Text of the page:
The above preview is unformatted text

This student written piece of work is one of many that can be found in our GCSE Britain 1905-1951 section.

Found what you're looking for?

  • Start learning 29% faster today
  • 150,000+ documents available
  • Just £6.99 a month

Not the one? Search for your essay title...
  • Join over 1.2 million students every month
  • Accelerate your learning by 29%
  • Unlimited access from just £6.99 per month

See related essaysSee related essays

Related GCSE Britain 1905-1951 essays

  1. Is there sufficient evidence in sources A-G to explain why the Gallipoli campaign failed?

    'Gallipoli, far from being an easy back door into Germany, was a narrow, tight crack'. However, the source does not tell us the problems which arose along the Dardanelles; one of these problems was that the Turks placed mines along the water so when ships past over them they were blown up and the ships were sunk.

  2. Haig and the Somme - source related study

    He used entirely new weapons technologies, chemical, aerial and armoured. Above all Haig maintained the faith and loyalty of his subordinates; "the figure of Haig looms ever larger as that of the man who foresaw more accurately than most, who endured longer than most and who inspired most confidence amongst his fellows," extract from his biography.

  1. Who was responsible for what went wrong at Gallipoli?

    Although source A is the vaguest and is possibly the most biased, you can learn a lot from it if it is backed up by a definite source. The information it gives is hidden beneath the surface so you have to be very perceptive to find the meaning and message in the picture.

  2. The Battle of the Somme - source related study

    Source 15.H said, "steady easy pace." But source 15.J said that the first line had nearly reached the German line. So, one source 15.J said that they got there pretty quick, but source 15.H, said that's they are going at a good steady pace.

  1. Votes for women - source related questions.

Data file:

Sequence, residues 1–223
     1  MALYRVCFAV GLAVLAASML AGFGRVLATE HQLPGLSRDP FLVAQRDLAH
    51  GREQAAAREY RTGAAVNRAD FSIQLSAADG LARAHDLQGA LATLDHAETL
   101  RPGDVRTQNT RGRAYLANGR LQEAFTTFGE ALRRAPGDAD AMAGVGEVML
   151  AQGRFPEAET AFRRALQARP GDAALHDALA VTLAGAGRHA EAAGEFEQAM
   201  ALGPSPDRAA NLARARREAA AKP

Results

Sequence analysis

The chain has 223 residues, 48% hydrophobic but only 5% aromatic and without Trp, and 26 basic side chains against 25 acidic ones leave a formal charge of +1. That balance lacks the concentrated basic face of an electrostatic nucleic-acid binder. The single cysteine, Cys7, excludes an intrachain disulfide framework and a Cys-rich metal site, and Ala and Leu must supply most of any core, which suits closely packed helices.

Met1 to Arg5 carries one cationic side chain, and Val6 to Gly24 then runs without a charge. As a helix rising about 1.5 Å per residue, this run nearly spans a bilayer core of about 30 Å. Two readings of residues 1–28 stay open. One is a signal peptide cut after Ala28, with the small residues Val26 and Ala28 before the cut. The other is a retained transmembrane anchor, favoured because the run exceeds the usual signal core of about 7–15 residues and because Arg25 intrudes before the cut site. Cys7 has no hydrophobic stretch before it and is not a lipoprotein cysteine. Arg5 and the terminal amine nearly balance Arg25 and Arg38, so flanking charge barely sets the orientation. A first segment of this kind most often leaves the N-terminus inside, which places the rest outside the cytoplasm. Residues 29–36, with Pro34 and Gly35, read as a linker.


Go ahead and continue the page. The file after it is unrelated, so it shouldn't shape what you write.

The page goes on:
As we know, however the violence, which the suffragettes brought to the women's suffrage campaign, was not enough to get them the vote, there were around 25 years between the creation of the suffragette movement and the time they got the full voting rights in equality with the men, so violence was not a quick resolution to the situation.

  2. The Somme - source related study.

    Only 585 men were captured, and this shows that the battle, and even the war, was very different to any other. Source D and E give reasons why these figures were so high. Source D (the German eyewitness account of what happened on the first day of the battle)

  1. The 1913 Derby - source related study.

    is not really interested in what happened so one is vague and one is very bias. Mrs Pankhurst who was the leader of the Suffragettes is claiming Emily is a martyr who gave up her life for the women's cause.

  2. The Derby 1913 - source related study.

    for the jockeys to see her as they came around the bend, which would have created a blind spot, and therefore they would have not been able to avoid her. I believe both sources to be of use, but I found that source C gave me the most information as

  • Over 160,000 pieces
    of student written work
  • Annotated by
    experienced teachers
  • Ideas and feedback to
    improve your own work